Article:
March can be one of those months that is neither here nor there, not quite winter and not yet spring either. Although the promise of spring is on the horizon and we are at times even treated to one of those beautiful sunny days, don’t be fooled, winter most certainly still has us in its grip. Any given day can bring a snowstorm. And despite this it is hard not to get infected with that spring fever when we see buds forming and even a few brave spring flowers poking their heads out of a snow covered landscape.
So, what does all this mean for us gardeners? To grow or not to grow is the question. When starting one’s own plants from scratch timing is crucial. Start them too soon and ready plants have nowhere to go becoming long and leggy; start them too late and come harvest time those veggies are nowhere near ready.
The first distinction that should be made is whether plants are cool or warm season crops. Cool season crops thrive in cold temperatures and will not perform well over the hot summer months. These do best in spring and fall when temperatures are low with the cold contributing to their flavor and sturdy growth. Examples of cold crops are kale, cabbage, Brussel sprouts, radishes, lettuce and beets. Many of these plants will be able to withstand a frosting or even require it to form strong, sturdy stems. A well planned vegetable garden can facilitate multiple crops in a single year; a cool crop in spring, a warm crop in summer and a cool crop again in fall.
March is the ideal month to start various cold and warm season vegetables indoors. Exceptions to this would be cold season crops that are direct sown outdoors and warm season crops that grow extremely fast such as squash, cucumbers and green beans, for which it is still too soon. Some vegetable types are best direct-sown outdoors whilst others will benefit from an indoor start and subsequent transplanting as seedlings. The appropriateness of each method is species specific. Cold season crops can be direct sown very early despite harsh weather once the ground is workable. Direct sowing helps reduce the workload by eliminating transplanting and tending to seedlings. Plants that are best started outdoors as seeds include those that do not ‘like’ being moved and are commonly root vegetables such as carrots and radishes but also spinach. Most warm season vegetables are best started indoors to obtain a head start by transplanting established seedlings once environmental conditions are more favorable. It is vital when starting cold crops indoors to grow them cool (50-55F) as this will greatly aid plants in being healthy, compact and hardened. Often a limiting factor to growing seedlings indoors is the lack of suitable space in homes. Suitability is determined by provision of conditions necessary for seedling growth; high light levels, good air circulation, cool temperatures and sufficient space for development.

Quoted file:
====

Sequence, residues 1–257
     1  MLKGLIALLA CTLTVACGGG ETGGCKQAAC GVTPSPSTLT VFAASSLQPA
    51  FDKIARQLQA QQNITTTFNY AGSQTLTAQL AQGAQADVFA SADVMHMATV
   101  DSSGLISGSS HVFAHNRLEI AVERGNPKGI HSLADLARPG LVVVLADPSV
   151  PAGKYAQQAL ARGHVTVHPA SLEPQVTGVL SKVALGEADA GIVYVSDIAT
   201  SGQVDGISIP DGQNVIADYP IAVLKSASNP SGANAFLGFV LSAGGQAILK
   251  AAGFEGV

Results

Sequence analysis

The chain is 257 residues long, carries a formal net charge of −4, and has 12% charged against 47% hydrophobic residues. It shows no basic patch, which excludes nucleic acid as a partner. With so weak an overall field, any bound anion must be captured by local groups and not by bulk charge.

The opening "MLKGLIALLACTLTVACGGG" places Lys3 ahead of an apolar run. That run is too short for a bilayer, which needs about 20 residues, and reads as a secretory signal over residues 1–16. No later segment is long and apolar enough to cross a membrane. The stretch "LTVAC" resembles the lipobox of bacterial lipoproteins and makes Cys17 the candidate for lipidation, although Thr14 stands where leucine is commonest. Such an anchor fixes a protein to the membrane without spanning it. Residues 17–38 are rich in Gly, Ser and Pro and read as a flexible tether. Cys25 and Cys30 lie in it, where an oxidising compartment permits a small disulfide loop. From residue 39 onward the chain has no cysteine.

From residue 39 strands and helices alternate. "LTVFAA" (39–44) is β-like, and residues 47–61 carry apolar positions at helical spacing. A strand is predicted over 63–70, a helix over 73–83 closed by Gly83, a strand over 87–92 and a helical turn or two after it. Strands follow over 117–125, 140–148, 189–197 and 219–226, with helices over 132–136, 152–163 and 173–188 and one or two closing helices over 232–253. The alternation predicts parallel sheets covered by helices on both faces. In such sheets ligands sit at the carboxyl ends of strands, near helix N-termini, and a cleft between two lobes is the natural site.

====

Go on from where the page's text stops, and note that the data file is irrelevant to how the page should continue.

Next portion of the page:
When sowing seed, a general rule of thumb is to sow the seed twice the depth of the seed size itself, keeping in mind that miniscule seed might only require a dusting of soil to cover them. Be sure to use a seed starting mix rather than a potting mix as the latter contains excess fertilizer that is unsuitable for seed. Regular garden soil is also unsuitable as it is too heavy and contains weed seed.
To speed up the germination process use bottom heat either by use of a heating mat or an alternative heat source. A clear plastic dome resting on top of the seed flat will act as a miniature greenhouse and raise air temperature and humidity levels in that closed environment. Prior to seed germination and immediately after germination humidity levels should be kept high to avoid wilting and keep seeds moving forward. Soon after seedling emergence remove the dome to avoid stretching of seedlings, prevent any fungal diseases occurring and to acclimatize plants to normal humidity levels. Seedlings are especially susceptible to drying so vigilance must be practiced and regular checks made on flats, especially on sunny days and for shallow germinating flats.
For plants grown from a single seed (tomato, pepper) sow these in rows at regular intervals and for plants grown from multiple seeds (basil, cilantro) sow in groupings. Seedlings may require thinning depending on the plant type. When transplanting seedlings replant these at the same soil level height, firm them in and then water them in well.